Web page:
MOTIVATION AND TOPICS
To highlight the importance of cultural heritage assets conservation, and promoting restoration of artworks that would otherwise be lost forever, we propose an international challenge to look for solutions that support image reconstruction after destructive phenomena, such as earthquakes or wars. In particular, we focus on reconstruction of frescoes and deal with anastylosis, which is an archaeological term for a reconstruction technique where ruined buildings/monuments are restored using the original architectural elements to the greatest degree possible.
The current state-of-the-art research in virtual anastylosis presents several trials and case studies based on a combination of different digital measurements and modelling techniques, accompanied by the interpretation of data coming from documentary sources. Goal of this Special Issue is to collect the best solutions to virtually recomposing destroyed frescoes, starting from the digitalization of their broken collected elements. In this framework, the restoration could be interpreted as a very challenging ‘puzzle’ formed by original fragments of the destroyed fresco.
Critical issues are due to: i) the number of randomly mixed fragments is usually huge; ii) fragments are mostly corrupted, and with general irregular shapes; iii) mismatch of the boundaries of the collected eroded pieces; iv) some pieces have gone irretrievably lost; v) due to extreme fragmentation, presence of spurious/distractors elements, due to pieces of different frescoes also involved in the building collapse.
Contributors to this Special Issue will be entitled, at their discretion, to use a number of different cases of destroyed well-known frescoes that have been simulated in order to populate a dataset containing fragmented pieces, useful for the development and testing phases of the challenge. Five different parameters are used for the generation of elements: the number of fragments, their average size, the percentage of missing parts, the percentage of spurious fragments, and the average ratio between the fragment area after the erosion and the original area in the plane tessellation.
This initiative can bring to different strategies. The Pattern Recognition community is involved since 1968 and will keenly participate applying advanced computer techniques such as Machine Learning and Deep Learning. But also some interactive solutions can be conceived, in particular involving autistic subjects, favoring their social inclusion in productive activities, exploiting their peculiarities and abilities, and promoting and appreciating their potential.
Prospective authors can submit their results related to a solution that reassembles a specific set of elements, discarding the spurious ones. The best papers describing methods and the results will be published, after a peer review, in this Special Issue.
Topics of interest include but are not limited to:
Consistent image completion
General wall painting reconstruction algorithms
Image reassembling using deep learning techniques
Interactive solutions for image restoration
Patch match image editing and synthesis
Re-colorization and art restoration from incomplete data
Call for paper October 1st, 2019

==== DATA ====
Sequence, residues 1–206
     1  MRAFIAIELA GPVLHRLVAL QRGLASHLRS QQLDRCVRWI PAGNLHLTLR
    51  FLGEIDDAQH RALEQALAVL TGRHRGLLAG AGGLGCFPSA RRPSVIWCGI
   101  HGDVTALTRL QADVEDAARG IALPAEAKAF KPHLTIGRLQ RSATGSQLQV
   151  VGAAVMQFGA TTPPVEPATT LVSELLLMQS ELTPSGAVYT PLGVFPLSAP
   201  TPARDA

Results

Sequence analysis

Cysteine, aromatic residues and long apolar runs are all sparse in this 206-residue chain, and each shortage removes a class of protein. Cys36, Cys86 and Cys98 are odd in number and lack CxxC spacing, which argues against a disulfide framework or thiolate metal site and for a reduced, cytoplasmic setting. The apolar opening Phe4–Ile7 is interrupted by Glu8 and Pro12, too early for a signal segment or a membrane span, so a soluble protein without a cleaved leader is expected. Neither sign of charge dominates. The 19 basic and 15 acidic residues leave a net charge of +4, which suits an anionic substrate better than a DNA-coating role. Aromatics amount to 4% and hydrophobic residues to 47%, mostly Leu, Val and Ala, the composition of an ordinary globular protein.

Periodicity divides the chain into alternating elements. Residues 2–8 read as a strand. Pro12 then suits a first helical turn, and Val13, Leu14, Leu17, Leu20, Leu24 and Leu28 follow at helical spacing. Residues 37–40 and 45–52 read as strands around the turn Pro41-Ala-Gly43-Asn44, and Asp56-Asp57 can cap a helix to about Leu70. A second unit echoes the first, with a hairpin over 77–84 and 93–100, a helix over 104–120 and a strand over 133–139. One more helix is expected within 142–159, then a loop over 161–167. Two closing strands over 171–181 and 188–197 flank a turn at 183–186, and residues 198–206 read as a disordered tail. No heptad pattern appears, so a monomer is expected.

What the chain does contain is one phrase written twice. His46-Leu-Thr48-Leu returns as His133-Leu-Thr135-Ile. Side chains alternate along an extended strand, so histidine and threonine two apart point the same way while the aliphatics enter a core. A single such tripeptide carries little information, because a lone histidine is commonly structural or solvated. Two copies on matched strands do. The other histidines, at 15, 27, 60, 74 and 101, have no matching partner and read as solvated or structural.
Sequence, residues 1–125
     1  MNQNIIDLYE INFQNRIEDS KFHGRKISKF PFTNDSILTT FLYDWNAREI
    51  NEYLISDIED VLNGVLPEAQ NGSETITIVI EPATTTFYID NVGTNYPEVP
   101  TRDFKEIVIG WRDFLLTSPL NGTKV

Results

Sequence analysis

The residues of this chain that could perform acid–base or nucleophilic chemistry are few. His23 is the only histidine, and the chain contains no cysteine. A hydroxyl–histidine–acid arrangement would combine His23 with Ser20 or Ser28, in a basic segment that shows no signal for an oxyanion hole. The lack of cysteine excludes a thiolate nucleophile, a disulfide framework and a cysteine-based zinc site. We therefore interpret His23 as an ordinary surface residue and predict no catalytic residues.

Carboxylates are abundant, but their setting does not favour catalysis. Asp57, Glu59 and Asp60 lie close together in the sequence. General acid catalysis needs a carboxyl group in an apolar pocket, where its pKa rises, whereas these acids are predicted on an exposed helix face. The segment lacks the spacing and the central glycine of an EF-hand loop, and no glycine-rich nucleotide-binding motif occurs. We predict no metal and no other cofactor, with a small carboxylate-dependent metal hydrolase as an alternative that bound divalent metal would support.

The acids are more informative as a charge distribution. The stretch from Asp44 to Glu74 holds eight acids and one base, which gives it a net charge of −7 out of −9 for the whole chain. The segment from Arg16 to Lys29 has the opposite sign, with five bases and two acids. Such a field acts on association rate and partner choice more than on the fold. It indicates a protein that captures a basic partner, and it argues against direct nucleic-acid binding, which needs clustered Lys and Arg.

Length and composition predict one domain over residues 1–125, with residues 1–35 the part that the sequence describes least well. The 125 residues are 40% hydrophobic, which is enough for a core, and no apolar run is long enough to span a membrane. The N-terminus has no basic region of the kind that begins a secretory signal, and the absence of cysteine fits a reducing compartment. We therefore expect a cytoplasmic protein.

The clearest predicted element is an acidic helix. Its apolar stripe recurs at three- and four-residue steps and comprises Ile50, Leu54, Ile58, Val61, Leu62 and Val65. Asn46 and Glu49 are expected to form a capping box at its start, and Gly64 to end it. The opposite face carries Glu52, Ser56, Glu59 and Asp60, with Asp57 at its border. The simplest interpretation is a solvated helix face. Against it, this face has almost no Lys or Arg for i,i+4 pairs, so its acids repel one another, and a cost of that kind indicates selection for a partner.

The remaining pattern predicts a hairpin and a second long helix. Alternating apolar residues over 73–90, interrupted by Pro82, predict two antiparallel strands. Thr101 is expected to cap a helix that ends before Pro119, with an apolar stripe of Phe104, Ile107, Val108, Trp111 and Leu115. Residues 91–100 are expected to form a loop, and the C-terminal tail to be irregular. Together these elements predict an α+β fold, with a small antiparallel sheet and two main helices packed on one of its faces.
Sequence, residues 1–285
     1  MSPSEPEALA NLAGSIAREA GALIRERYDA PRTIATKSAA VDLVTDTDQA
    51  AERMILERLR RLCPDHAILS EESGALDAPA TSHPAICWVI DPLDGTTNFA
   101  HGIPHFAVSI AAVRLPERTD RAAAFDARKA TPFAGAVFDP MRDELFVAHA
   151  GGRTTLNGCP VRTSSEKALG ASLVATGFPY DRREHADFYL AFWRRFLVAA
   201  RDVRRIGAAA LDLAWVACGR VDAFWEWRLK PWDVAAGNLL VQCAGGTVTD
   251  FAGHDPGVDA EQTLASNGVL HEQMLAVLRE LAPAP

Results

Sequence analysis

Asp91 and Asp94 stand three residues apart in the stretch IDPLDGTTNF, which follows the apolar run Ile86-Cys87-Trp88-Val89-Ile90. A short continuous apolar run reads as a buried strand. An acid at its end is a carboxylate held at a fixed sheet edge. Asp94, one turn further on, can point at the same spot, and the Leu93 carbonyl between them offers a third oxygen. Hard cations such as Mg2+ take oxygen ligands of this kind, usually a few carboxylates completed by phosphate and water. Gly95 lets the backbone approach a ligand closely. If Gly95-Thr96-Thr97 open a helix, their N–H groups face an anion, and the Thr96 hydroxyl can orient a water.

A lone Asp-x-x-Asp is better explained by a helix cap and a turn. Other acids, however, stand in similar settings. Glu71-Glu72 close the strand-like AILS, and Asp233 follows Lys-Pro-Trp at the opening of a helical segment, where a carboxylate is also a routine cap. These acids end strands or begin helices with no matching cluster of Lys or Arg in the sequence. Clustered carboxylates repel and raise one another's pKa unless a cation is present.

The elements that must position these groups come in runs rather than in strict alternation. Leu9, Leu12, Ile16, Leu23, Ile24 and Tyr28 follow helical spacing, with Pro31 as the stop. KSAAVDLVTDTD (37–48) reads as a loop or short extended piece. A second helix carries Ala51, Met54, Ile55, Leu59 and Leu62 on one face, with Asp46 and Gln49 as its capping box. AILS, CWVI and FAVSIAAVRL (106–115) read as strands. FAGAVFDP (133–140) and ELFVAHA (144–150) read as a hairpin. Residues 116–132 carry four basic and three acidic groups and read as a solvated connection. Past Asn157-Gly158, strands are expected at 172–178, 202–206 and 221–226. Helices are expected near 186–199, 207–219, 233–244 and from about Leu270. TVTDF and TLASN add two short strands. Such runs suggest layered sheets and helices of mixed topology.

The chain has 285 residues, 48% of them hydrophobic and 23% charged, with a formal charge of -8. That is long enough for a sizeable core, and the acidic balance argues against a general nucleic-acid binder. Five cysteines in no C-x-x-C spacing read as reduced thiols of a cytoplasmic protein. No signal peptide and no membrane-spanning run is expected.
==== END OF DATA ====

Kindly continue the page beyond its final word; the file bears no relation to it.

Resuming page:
Submission period: March 1st – April 20th, 2020
First notification: May 20th, 2020
Revised manuscript submission: June 20th, 2020
Second notification: October 20th, 2020
Final revised submission: November 20th, 2020
It will follow the standard PRLetters scheme. Each paper will be reviewed by (at least) two referees and only two reviewing rounds are planned out of which major revision is possible only for the first round.
Perspective authors are invited to submit their manuscript during the Submission period. Papers should be prepared by adhering to the PRLetters Guidelines.
Papers must be submitted online via the Pattern Recognition Letters website (http://ees.elsevier.com/patrec/). When submitting their papers through the online system, authors must select the acronym ”VSI: DAFNE” as the article type.selecting the choice that indicates this special issue.
Prepare your paper following the Journal guidelines for Authors (http://www.elsevier.com/wps/find/journaldescription.cws_home/505619/authorinstructions)
Please, remember that DAFNE is a Virtual Special Issue so that the instructions to be followed are those for regular papers. In particular, the maximal length of each paper is 7 pages in the PRLetters layout. The pages might become 8 in the final paper if reviewers request additions that cannot fit the 7 pages.
Priority will be given to the papers with high novelty and originality. Papers should not have been published previously, nor be under consideration for publication elsewhere. If the submissions are extended works of previously published papers, the original works should be included and the description of the changes that have been made should be provided.
For additional information, please contact one of the Managing Guest Editor at the address below or visit http://vision.unipv.it/DAFNE
Virginio Cantoni University of Pavia, Italy firstname.lastname@example.org
Virginio Cantoni, Managing Guest Editor,
University of Pavia, Italy, email@example.com
Gianluca Foresti, Guest Editor
University of Udine, Italy, President of CVPL, firstname.lastname@example.org
Niculae Sebe, Guest Editor
University of Trento, Italy, General Chair ICIAP, email@example.com